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The Hydrogen Sonata    by Iain M. Banks order for
Hydrogen Sonata
by Iain M. Banks
Order:  USA  Can
Orbit, 2012 (2012)
Hardcover, Softcover, CD, e-Book
* * *   Reviewed by Hilary Williamson

I haven't read any of Iain M. Banks' distant future Culture novels, aside from Look to Windward, which I very much enjoyed. The Culture is a technologically superior, well-intentioned interstellar association, whose member species have largely conquered death. It is run mainly by great Ship Minds, advanced AIs that meddle in events with largely altruistic motives and interact partly through biological avatars. They meddle once more in The Hydrogen Sonata.

As the novel opens, the Gzilt civilization is on the cusp of Sublimation, joining other ancient cultures that have taken that last step to the Other Side, 'a maze-like series of right-angle turns away from ... normal three-dimensional reality'. Though not a member of the Culture the Gzilt were part of its founding, only bowing out at the last minute. Culture ship Minds and Special Circumstances take an interest in assuring that the Sublimation goes forward as planned and that the Scavengers (races who hope to acquire what the Gzilt leave behind) behave reasonably, avoiding extreme conflict.

If you enjoy fast-paced SF soap operas, this novel is not for you; its action is explosive yet rare. Of all the recent SF I've read, the book that comes to mind as most similar to this one is David Brin's Existence (aside from the fact that the latter is relatively near future and Hydrogen Sonata is very far ahead of us). Both address - and dwell on at some length - the big questions. Both incorporate amazing technological and biological creations. And both merit more than one read to absorb the author's intent.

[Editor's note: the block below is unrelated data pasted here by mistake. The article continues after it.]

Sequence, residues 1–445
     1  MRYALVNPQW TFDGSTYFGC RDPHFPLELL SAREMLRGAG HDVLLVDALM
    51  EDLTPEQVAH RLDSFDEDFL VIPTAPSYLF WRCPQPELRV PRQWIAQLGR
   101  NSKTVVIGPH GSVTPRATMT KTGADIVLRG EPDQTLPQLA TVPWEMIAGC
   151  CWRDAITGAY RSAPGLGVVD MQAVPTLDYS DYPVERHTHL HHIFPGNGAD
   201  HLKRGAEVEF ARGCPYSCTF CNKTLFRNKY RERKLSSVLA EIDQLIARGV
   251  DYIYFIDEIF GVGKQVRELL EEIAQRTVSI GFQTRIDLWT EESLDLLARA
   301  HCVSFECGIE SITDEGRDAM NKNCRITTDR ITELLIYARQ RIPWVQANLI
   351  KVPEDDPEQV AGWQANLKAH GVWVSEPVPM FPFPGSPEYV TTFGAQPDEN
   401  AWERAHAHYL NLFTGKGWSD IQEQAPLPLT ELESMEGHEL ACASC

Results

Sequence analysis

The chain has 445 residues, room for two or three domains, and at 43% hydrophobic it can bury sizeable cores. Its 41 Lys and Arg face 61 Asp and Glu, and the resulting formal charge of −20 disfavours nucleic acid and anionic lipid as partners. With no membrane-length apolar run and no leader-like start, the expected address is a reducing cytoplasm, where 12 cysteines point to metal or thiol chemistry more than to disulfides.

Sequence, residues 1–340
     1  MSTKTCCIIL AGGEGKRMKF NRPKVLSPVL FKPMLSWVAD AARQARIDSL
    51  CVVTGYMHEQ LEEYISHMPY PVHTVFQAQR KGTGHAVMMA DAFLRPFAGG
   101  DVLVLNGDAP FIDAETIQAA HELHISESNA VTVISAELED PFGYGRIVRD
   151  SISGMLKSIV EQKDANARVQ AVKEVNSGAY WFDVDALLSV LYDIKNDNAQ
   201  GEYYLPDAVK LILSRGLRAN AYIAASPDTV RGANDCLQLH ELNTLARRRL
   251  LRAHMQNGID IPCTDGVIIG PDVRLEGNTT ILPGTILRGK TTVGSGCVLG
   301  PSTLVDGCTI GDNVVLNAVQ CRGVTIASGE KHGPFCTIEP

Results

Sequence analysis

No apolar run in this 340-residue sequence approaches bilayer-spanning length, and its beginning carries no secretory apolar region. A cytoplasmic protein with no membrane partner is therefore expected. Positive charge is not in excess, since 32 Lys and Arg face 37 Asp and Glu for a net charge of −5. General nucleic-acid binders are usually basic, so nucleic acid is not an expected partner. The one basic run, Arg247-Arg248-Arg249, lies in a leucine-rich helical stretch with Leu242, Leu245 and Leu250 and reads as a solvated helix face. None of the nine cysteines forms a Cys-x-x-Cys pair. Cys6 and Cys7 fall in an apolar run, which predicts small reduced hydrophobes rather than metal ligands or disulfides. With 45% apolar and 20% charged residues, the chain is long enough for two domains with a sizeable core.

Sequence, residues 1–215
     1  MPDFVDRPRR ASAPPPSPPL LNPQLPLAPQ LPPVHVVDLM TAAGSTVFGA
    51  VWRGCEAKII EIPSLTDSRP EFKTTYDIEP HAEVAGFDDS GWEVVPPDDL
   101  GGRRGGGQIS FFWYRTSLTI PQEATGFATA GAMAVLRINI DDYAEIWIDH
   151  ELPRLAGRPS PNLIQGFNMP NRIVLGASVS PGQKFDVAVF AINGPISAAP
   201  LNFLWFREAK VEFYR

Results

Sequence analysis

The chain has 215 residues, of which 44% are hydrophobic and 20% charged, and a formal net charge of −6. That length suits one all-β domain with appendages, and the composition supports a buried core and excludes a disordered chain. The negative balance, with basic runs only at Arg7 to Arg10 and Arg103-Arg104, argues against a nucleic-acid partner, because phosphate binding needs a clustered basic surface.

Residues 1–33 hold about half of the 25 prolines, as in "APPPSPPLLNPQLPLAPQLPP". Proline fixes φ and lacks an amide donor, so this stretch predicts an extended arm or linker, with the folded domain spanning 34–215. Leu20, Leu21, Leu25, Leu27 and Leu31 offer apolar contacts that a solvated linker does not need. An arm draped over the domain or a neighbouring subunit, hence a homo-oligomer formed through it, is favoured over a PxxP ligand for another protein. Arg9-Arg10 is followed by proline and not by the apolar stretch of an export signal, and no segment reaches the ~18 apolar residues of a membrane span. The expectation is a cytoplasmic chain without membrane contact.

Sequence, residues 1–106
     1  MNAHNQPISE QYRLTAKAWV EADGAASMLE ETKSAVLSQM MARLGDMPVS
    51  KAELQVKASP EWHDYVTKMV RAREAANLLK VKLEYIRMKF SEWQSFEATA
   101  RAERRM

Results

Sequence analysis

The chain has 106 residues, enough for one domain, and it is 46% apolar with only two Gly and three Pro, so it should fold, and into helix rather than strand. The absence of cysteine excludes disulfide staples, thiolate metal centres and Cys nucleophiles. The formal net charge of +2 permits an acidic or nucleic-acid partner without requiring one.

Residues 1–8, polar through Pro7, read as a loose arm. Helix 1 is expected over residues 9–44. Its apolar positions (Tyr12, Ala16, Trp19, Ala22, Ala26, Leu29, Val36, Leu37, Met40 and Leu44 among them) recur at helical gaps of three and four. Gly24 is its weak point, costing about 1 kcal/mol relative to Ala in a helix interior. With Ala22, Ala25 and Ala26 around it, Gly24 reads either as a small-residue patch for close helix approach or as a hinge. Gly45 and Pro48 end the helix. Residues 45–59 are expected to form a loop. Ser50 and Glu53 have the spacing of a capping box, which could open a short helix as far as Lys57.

Though I enjoy thought-provoking reads, what pulled me through this one was its heroine, four-armed Lieutenant Commander (reserve) Vyr Crossont, and her far flung, willy nilly quest to track down the very, very, very long-lived QiRia (or at least his key body parts). It all begins a few weeks before the Gzilt are to Sublime with a message that causes the recipent Gzilt battleship to pulverize the messenger and all aboard. This event triggers what follows - an ultimate cover-up engineered by a Gzilt leader, in opposition to the Minds' pursuit of the truth (and subsequent decision on what to do about it).

Essentially The Hydrogen Sonata addresses life, the universe and everything beyond, enlivened by a great deal of subtle Brit humour - from the great Ship Mind names (I loved the Mistake Not...'s full name) and ongoing banter to the titular composition, 'T. C. Vilabier's 26th String-Sepcific Sonata for an Instrument Yet To Be Invented', impossible to play (at least without extra arms) and torture to listen to; even its composer hated it. If you're a serious SF fan, don't miss Iain M. Banks' Hydrogen Sonata (or any of his other excellent works).

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